‘Sell By,’ ‘Best Before,’ ‘Eat By’ dates to become a thing of the past
NASHVILLE, Tenn. —
For decades, we've been scratching our heads trying to figure out what dates on our food mean. We take a bite at the confusion and the solution coming to a shelf near you.
You've done it. We've all done it. We’ve thrown out food because we just weren't sure.
Green Hills shopper Rosemary Hamilton laughs it off. After all, she is a retired stand up comedian adding, “Well, if they're expensive, I eat them a year later.” (laughs)
The rest of us aren't sure what these 10 different date labels mean…. sell by, use by, eat by, expires on, enjoy by, best before, guaranteed fresh and the list goes on and on and on.
Some dates don’t even have any wording. There’s just a date with no explanation. One shopper thinks she knows what that is saying, “That could be its birthday, anything really.”
The State of Tennessee can't really help us either. Shanna Lively a Food Scientist & Administrator with the Tennessee Agriculture Department explains, “We're a no date state; no regulations here that our inspectors go into a store to actually look for expired products.”
Our inspectors focus instead on proper food handling and storage, not on the labeled dates.
A Harvard study shows 90% of us throw out food too early because we don't understand the dates. The National Resources Defense Council says that's about $1500 dollars worth of food thrown out a year per family. That’s roughly $29 billion annually and with a global food shortage, that's hard to swallow.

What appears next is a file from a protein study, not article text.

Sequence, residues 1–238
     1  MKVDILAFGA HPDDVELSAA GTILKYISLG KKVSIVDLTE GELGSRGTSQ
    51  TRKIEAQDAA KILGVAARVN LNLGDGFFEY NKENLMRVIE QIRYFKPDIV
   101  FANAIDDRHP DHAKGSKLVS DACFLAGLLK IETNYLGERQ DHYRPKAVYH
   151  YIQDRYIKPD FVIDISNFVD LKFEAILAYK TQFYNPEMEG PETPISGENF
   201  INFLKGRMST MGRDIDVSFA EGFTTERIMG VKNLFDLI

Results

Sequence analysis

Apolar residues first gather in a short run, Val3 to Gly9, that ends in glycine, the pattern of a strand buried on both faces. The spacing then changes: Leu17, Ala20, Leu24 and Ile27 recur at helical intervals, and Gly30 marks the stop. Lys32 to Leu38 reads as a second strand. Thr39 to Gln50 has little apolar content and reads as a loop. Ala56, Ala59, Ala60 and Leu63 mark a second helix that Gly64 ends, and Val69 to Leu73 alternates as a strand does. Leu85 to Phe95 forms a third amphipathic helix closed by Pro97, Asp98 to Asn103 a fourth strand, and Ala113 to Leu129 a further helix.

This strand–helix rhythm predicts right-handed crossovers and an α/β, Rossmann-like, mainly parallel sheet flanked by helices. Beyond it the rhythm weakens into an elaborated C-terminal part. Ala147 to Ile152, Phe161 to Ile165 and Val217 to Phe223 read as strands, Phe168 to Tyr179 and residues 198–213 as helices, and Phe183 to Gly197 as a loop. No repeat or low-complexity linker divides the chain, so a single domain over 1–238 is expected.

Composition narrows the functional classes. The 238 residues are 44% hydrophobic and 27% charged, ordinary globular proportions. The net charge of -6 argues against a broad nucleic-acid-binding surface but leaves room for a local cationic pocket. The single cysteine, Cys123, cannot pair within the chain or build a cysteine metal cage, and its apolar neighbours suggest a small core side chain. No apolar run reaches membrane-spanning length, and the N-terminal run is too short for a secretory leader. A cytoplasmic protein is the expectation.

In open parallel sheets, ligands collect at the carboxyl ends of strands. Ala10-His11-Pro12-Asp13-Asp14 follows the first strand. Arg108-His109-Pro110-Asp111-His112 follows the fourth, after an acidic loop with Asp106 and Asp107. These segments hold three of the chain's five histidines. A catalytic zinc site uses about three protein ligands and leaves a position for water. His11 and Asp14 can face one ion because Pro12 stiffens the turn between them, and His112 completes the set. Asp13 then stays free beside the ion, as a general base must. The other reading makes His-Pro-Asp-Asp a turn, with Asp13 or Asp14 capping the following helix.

One shopper says, “poisonous by” would be more helpful.
The USDA's asked manufacturers to get on the same page with voluntary guidelines for food makers. Even the AD Council's gotten involved with “Save The Food” public service announcements highlighting the waste.
Congress has also tried to get food makers on the same page with The Date Labeling Act, but lawmakers keep throwing that out too.
Now finally, the Grocery Manufacturers Association and the Food Marketing Institute seem to be taking real action. They've gotten the CEO's of 50 major brands like Nestle, Campbell's, and Kellogg’s to all use the same language by 2020.
That means in a year and a half, you could soon only see these two phrases "Use By" or "Best If Used By."
In the meantime, reach to the back for the freshest produce and products and keep track of when you opened it. Lively with the Agriculture Department explains, “So different microorganisms could grow that wouldn't have once that seal is broken.”
If all else fails, the nose knows. Give it the old fashioned smell test.
Many food companies have already started printing the new 'Use By' language exclusively. The rest will follow suit within the next 18 months.